Obviously the analysis here has limitations, but some data is better than none in my mind.

In any case, you made some good points, thanks for that.

Quote:
Originally Posted by ENINTY View Post
Exactly! Thanks for typing all of that, as I was too lazy to. Thanks.
Ok, we get it. You don't see the value in a UOA. FYI, you don't have to keep posting here. Just ignore it and let those of us who found the results useful to ourselves. Otherwise you're not contributing anything useful to the thread.
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      01-17-2011, 06:39 AM   #30
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Originally Posted by MatchesMalone View Post
Does everyone really already realize that? Whenever there is a thread about oil change intervals, you almost always see people claiming that the 15,000 mile BMW interval was developed by a bunch of greedy corporate accountants, rather than engineers. These same people usually point out the unlikely coincidence of BMW recommending longer intervals for maintenance items at the same time that they start paying offering "free" maintenance. It's probably one of the most hotly debated topics on here. So, when somebody offers actual, objective data I think that's a good thing. Too many people post anecdotal evidence of how they've been doing such and such practice for such and such number of miles and haven't had any issues, therefore they are correct. As an engineer, I prefer hard numbers.

It's true that BMW and the oil companies have recommended intervals, but it's not always clear where those intervals come from. What are their test conditions and assumptions? Are they based on a casual Camry driver, or a lead footed enthusiast with a high performance engine? Somewhere in the middle I assume, but we don't know exactly where the line is. In the OP's case, he "beats on" his car more than most everyday drivers, and he chose to spend a minimal fee to get a rough look at how his oil was holding up. Nothing wrong with that, and I'd say it's a better strategy than pulling a random interval out of thin air, simply because it's a round number. Now don't get me wrong, I'm not hear to judge your maintenance practices. On the contrary, my point is that I disagree with everyone who's judging the OP's decision to "waste" a lousy 35 bucks to get some real data and be better informed.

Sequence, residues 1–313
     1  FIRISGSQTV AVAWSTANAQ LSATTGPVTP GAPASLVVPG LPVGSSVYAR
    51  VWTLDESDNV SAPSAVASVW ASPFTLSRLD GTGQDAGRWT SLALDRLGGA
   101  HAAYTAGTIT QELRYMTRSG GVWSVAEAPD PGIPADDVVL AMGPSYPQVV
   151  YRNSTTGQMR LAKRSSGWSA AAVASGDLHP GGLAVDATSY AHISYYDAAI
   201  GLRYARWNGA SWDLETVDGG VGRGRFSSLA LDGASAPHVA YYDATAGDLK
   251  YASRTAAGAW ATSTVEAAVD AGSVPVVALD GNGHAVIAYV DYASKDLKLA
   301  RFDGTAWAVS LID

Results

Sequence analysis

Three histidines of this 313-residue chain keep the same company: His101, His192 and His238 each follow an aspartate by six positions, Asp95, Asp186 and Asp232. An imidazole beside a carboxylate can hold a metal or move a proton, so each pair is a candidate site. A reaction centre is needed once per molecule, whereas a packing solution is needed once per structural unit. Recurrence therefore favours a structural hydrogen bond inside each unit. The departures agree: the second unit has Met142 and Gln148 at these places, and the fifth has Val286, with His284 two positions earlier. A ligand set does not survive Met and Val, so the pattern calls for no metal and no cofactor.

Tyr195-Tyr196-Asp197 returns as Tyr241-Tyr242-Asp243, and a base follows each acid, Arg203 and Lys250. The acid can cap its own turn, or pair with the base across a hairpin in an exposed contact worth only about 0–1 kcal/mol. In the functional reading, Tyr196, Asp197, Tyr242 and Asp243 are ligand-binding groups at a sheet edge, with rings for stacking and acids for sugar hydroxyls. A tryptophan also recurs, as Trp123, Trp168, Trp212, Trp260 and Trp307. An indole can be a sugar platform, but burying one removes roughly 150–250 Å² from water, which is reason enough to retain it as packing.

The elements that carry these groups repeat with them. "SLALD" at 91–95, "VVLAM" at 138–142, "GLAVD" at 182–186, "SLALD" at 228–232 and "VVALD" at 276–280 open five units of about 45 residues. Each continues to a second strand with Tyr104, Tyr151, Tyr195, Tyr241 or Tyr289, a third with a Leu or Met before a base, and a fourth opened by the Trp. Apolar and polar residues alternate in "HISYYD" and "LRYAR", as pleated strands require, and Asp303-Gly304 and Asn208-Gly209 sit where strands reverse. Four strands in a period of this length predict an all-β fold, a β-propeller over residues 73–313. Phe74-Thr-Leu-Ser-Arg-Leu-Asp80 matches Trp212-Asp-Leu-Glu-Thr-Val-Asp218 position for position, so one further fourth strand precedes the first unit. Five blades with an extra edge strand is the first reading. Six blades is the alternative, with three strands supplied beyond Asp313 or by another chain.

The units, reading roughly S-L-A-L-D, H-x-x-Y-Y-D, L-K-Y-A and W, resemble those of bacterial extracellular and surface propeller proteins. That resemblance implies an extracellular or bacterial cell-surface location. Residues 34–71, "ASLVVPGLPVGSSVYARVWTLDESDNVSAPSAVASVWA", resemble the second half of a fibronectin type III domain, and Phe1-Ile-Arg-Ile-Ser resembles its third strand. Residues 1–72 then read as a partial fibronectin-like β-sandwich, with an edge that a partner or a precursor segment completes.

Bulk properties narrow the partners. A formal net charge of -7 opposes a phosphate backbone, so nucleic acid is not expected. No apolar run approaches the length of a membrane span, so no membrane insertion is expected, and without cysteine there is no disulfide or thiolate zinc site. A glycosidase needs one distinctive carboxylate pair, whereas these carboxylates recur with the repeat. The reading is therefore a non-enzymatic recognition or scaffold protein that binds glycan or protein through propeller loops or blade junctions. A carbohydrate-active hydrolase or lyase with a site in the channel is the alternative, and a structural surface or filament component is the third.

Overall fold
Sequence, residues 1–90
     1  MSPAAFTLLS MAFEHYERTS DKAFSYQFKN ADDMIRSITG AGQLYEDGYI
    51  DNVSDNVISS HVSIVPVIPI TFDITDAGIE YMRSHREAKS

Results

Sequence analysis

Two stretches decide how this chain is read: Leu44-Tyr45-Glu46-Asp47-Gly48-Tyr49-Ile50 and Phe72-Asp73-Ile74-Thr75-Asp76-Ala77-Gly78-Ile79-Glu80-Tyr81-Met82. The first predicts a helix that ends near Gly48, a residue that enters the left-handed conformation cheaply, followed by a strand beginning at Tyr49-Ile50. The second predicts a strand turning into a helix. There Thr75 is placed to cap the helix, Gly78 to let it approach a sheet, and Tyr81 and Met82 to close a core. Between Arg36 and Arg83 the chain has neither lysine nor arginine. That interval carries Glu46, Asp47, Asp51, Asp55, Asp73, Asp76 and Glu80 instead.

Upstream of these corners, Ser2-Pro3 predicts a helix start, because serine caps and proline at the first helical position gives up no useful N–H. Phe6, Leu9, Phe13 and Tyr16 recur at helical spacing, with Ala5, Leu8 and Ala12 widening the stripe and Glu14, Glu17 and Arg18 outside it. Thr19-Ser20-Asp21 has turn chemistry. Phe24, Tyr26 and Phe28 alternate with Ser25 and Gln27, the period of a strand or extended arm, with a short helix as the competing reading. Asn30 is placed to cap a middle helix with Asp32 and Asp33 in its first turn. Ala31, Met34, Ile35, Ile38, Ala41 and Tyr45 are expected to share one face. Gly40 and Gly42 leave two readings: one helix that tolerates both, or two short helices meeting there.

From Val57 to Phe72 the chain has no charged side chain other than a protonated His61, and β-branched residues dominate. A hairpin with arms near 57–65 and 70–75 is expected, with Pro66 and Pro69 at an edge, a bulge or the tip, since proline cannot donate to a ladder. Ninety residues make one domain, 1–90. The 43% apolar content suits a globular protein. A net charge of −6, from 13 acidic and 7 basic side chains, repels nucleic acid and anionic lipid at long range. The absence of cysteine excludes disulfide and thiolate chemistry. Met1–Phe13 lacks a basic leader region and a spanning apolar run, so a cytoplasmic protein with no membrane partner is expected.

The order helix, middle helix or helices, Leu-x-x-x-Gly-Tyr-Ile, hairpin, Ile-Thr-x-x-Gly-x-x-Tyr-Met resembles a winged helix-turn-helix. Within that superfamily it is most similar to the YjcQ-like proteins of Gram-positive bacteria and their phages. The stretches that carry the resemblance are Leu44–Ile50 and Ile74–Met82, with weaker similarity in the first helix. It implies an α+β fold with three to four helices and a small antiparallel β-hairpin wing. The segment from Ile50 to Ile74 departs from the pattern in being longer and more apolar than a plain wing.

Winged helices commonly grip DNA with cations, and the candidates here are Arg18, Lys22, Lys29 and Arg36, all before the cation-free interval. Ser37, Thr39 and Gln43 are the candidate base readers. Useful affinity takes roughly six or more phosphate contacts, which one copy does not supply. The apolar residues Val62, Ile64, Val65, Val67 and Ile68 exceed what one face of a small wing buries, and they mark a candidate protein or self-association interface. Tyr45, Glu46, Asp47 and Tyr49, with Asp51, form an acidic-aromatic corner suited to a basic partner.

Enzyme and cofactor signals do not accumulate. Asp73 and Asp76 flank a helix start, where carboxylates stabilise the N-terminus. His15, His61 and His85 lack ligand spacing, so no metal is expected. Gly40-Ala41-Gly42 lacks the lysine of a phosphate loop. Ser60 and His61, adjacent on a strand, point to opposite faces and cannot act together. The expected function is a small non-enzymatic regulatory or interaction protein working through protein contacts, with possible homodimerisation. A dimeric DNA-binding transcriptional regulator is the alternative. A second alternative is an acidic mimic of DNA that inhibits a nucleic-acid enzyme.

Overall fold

Obviously the analysis here has limitations, but some data is better than none in my mind.

In any case, you made some good points, thanks for that.


Ok, we get it. You don't see the value in a UOA. FYI, you don't have to keep posting here. Just ignore it and let those of us who found the results useful to ourselves. Otherwise you're not contributing anything useful to the thread.
And what do the hard numbers tell the OP? That his engine will last 10,000, 20,000 miles longer than if he followed a 15,000 mile OCI? The OP beats on his car because he tracks it 2 days a month? How many miles is that? It is really all that hard on the engine? So he's decided to change the oil every 10,000 miles instead of 7,500 and how long will the OP keep his car anyway? If the engine fails at 220,000 miles instead of 260,000 miles is he going to have the car that long? I doubt it based on they way he treats his car now. The car is a toy to him, which he hopes will put up with the abuse so it can double as a daily driver. All the while the suspension, cooling system, transmission, differential, wheel bearings, and chassis will have shortened lives as well. But he's trying to save money on maintenance costs by extending the OCI by 2,500 miles; sorry it just doesn't make sense to me.

One of the purposes of this forum is to debate issues, I'm debating. You just don't like my argument because it is a good one, so your answer is "just shut up."
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      01-17-2011, 08:15 AM   #31
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Originally Posted by MatchesMalone View Post
It's true that BMW and the oil companies have recommended intervals, but it's not always clear where those intervals come from. What are their test conditions and assumptions? Are they based on a casual Camry driver, or a lead footed enthusiast with a high performance engine? Somewhere in the middle I assume, but we don't know exactly where the line is.
In any case, you made some good points, thanks for that.
The engine bench tests are a compilation from various members of the ACEA (All major OEM's are members). Then each OEM has their own specific bench tests and requirements (EX, VW(AUDI) 507.00 will always be a 30 weight oil). Coincedentially(sp?) longer service intervals didn't start coming out until the ACEA developed the standards for extended drains. IIRC this is about the same time you started to see LL98 and BMW paid maintenance. So you're comments about people having a lack of factual evidence supporting BMW short changing maintenance has some credence. Almost every OEM now has some sort of oil life monitor for extended drains.

http://www.acea.be/images/uploads/fi..._Sequences.pdf